HOOOOWWLL!

A 2018 Caldecott Medal winner, WOLF IN THE SNOW is written and illustrated by Matthew Cordell (Feiwel and Friends, 2017).

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This picture book is deceptively simple and absolutely delightful. Cordell uses pen and ink sketches and watercolour to tell a story of survival in a vast and treacherous winter landscape.

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Pretty much wordless and almost filmic, Cordell’s sparing use of text creates an audio dimension and shape and colour cleverly weave in elements of fairy tale.

 

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Both visually and narratively, human and animal are aligned in this cold universe and a little girl’s heroic act of kindness in the face of adversity is quietly imbued with themes of family and love.

 

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And who doesn’t love a cosy ending?  Ah.

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Though clearly created for the very young, our ten-year old was captured by this story, declaring it “the best book I’ve ever read.” She ran off to copy her favourite illustration… here it is.  HOOOOOWWLLL!

 

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“BIM BAM BOOM” by Frederic Stehr

 

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Early picture books often strive for pleasing rhythm but author Frederic Stehr celebrates the discordant mess it can be in his new book “Bim Bam Boom” (Gecko press, Sept 2017).

Bashing things together to create sound and rhythm is a primal drive – the very young understand this perfectly but grown ups lose touch with this simple pleasure.

 

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Mother Owl certainly fails to find the joy in Baby Owl and friends thrashing a miscellany of her cookware. Or as the young birds rightly assert – “making music!”. Stehr captures their delight (and the cacaphony) perfectly with his simple line drawings and clever layering of text.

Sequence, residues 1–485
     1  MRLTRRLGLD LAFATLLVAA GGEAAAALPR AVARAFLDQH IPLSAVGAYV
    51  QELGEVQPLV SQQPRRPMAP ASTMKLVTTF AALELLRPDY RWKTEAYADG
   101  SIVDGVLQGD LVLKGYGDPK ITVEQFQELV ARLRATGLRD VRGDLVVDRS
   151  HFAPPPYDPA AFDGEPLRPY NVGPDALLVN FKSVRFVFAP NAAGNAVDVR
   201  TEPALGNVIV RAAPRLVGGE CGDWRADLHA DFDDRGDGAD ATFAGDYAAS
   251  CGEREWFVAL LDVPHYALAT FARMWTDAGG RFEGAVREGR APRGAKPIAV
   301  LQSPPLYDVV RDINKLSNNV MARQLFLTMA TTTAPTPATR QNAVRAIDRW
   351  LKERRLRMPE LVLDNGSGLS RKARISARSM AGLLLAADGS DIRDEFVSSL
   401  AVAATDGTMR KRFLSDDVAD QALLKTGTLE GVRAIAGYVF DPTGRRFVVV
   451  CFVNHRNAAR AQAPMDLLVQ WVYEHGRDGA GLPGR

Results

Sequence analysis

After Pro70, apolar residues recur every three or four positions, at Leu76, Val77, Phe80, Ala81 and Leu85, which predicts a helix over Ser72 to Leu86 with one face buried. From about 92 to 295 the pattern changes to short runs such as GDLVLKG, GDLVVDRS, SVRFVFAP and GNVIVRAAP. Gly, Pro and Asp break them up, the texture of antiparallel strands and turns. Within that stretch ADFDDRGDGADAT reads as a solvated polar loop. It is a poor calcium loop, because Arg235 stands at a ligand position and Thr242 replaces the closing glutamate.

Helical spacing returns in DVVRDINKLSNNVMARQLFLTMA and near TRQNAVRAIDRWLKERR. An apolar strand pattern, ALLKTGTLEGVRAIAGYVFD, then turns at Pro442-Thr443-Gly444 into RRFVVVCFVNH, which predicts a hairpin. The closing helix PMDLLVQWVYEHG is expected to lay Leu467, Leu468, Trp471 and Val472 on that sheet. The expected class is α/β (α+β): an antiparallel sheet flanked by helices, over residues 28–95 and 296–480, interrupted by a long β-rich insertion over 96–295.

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Baby Owl gaily bangs a pot with wooden spoons – BIM BAM BIM BAM BIM. One by one her friends join her. Canary finds pot lids – TISH TISH TISH. Sparrow returns with a bowl and ladle – BOOM BOOM BOOM. Chick and Raven join the band!

 

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But it’s all over when a slightly wild-eyed Mother owl confiscates the instruments, telling the dejected little birds she’ll be back.

 

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She’s somewhat redeemed when she flourishes a delicious cake.  Replete, the youngsters wonder what to do next… and the story ends with a twist and an amusing finale on the back cover.

 

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“BIM BAM BOOM” is a simple, playful board book for toddlers. We love it.

 

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With thanks to the Gecko Press for the review copy : )

Wonderment and Warning

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Jeannie Baker’s new picture book Circle (Walker Books 2016) has been balanced on the top of the review pile for a few weeks now. It’s been hard to ignore in the gloom of an Auckland winter – a large and luscious hardback, it’s cover sings of tropical coastlands far, far away. But that’s the thing with Baker’s work; always the high blue sky, lush greens, red earth. A palette drawn from the natural world.